According to Deltek, 30+% of federal contracting takes place in fiscal Q4 (for the U.S. federal government, that’s July-September). It remains to be seen if the trend will continue this fiscal year, as agencies have already spent significantly in response to the COVID-19 pandemic and as a result of the trillions of dollars Congress provided in additional funding to support these efforts. Will this result in a less feverish rush to spend dollars or will it drive that 30% even higher? Only time will tell, but no matter what the outcome, the federal contracting community will certainly reap the benefits in some way, shape or form.

The question now is – did you, as a federal marketer – do your job in ensuring your organization was positioned appropriately for end of fiscal spending? Or are you left on the sidelines, watching your competition run up the score?

Where to focus your marketing dollars

Whether your organization is a multi-billion-dollar systems integrator or a small, niche player, identifying ways to get in front of government decision-makers in advance of fiscal year end spending is important as RFPs and contracts start to fly out the proverbial agency door.

Here are a few tips on how to do just that.

  1. Earned media – government decision-makers will be looking for information as they move forward with their procurement requirements, and they’ll be reading trade publications to get that information. Hopefully, you already have relationships with the media influencers in the market (or have a PR agency that does…hint, hint) and are regularly engaging them. Now is the time to get your executives and subject matter experts (SMEs) quoted in industry-related stories. Focus on your particular area of expertise and bring those solutions to the table. For example, are you a security company that is trying to break through the clutter known as Zero Trust? Pitch a reporter a unique angle on the subject like how Zero Trust needs to start at the code level or how data science plays into Zero Trust. Or better yet, develop a use case on how your government customer is reaping the benefits of your solution (make sure to get that public affairs approval first though).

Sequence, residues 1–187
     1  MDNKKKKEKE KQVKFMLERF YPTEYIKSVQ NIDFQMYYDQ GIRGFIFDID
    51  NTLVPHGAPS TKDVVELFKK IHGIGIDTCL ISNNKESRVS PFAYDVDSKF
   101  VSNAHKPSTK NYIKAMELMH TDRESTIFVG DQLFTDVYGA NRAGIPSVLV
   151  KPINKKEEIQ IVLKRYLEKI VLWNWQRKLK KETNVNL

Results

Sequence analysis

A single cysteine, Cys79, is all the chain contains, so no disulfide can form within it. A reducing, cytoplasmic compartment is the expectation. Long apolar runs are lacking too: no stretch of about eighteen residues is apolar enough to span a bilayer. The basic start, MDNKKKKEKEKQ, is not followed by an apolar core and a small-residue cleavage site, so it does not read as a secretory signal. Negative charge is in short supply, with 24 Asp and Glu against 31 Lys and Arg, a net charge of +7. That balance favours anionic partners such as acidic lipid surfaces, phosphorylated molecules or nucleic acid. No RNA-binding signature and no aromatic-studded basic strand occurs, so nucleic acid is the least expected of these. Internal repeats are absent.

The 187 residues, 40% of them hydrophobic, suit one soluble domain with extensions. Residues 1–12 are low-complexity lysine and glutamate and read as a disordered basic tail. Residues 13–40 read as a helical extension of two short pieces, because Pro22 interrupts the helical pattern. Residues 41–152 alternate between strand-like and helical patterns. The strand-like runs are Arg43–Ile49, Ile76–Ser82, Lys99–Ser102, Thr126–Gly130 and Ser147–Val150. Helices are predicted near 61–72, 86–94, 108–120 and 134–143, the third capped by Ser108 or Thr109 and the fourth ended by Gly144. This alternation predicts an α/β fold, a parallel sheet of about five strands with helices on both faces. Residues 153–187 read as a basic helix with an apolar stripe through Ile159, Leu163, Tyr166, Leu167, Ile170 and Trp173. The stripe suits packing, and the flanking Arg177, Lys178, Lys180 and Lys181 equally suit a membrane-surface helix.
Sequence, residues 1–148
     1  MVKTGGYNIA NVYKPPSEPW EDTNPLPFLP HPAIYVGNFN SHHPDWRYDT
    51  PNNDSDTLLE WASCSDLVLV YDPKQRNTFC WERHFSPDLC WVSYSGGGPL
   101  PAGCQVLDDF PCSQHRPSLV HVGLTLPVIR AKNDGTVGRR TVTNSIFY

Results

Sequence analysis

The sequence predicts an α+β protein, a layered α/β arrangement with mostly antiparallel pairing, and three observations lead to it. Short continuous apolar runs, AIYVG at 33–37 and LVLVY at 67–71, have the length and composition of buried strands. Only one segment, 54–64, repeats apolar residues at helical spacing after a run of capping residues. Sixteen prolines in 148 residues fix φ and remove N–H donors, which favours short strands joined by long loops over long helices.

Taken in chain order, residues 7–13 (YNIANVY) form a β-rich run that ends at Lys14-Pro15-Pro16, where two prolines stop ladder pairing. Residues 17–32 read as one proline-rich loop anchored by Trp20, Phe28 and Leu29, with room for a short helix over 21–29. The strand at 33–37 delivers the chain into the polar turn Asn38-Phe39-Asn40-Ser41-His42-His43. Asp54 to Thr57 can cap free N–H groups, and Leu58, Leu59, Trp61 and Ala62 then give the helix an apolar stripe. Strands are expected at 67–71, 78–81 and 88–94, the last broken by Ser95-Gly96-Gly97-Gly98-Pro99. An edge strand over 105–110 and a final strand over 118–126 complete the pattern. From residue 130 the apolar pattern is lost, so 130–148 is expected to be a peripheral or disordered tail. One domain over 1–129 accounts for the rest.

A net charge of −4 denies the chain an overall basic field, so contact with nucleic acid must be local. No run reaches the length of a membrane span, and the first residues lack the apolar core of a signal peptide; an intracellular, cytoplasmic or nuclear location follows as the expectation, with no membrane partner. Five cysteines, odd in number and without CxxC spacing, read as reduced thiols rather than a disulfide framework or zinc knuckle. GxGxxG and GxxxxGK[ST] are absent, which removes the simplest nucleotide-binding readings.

2. Thought leadership – positioning your SMEs as thought leaders around emerging topics and trends is another way to get your organization and expertise noticed. This can include drafting a commentary article that provides an opinion on a piece of legislation or placing your spokesperson as part of an industry event panel session – live or virtual – to talk about a specific program or capability. Agency decision-makers are constantly looking for learning opportunities and to understand the latest and greatest. Find those open calls for speakers – or sponsor an event that includes this option – to be heard and take your seat at the table.
  3. Content marketing – developing owned content is an easy way to ensure your message is told in the way that you intended. Develop a blog series, whitepaper, podcast or solution brief. Make sure it’s relevant and timely and addresses some pain point that your target customer is facing. And once the content is available, get it out to the market. Pursue a digital marketing campaign that uses the asset as a call to action, or a content syndication program that provides leads for downloads. At the very least get “social” and amplify your content through your social media channels.
  4. Get involved – while your sales team is off responding to massive amounts of RFPs, cold calling and trying to close the last-minute deals, you, as a marketer, should be more engaged in the industry. Industry associations such as AFCEA and ACT-IAC provide numerous opportunities to serve on committees, participate in events or just be part of the conversation. Use this to your advantage by networking and gathering market intelligence that you can feed back to your sales team. You may even make some relationships that can support teaming or partnering down the road.   
  5. Be strategic – even the largest companies have marketing budgets. It’s important to remain targeted in your pursuits. Talk to your executives and sales leaders to find out: What are the biggest new business opportunities? Where do we have the best chance to win? Who do we need to get in front of to have a shot? Developing what we call ‘Strategic Roadmaps’ as part of an Agency Based Marketing plan, is a great way to drive initiatives forward. Map out the activities and topic areas that will best support the overall sales opportunity and execute on mini campaigns that include the most impactful tactics. Align your expertise with the strategic and technology challenges being faced by agencies and hone your message to appeal to them.

A Year-long Process

Although these tips can be effective for end-of-fiscal activities, it is important to note that marketing to the federal government needs to be a year-long initiative. There are several phases of evaluation that occur throughout the year prior to final procurement decisions, by a variety of stakeholders. Maintaining a consistent presence ensures your organization will be top-of-mind when that decision point occurs.

To learn more about how Yes& supports the Business-to-Government market, visit our website at: https://www.yesandagency.com/practice-areas/b2g.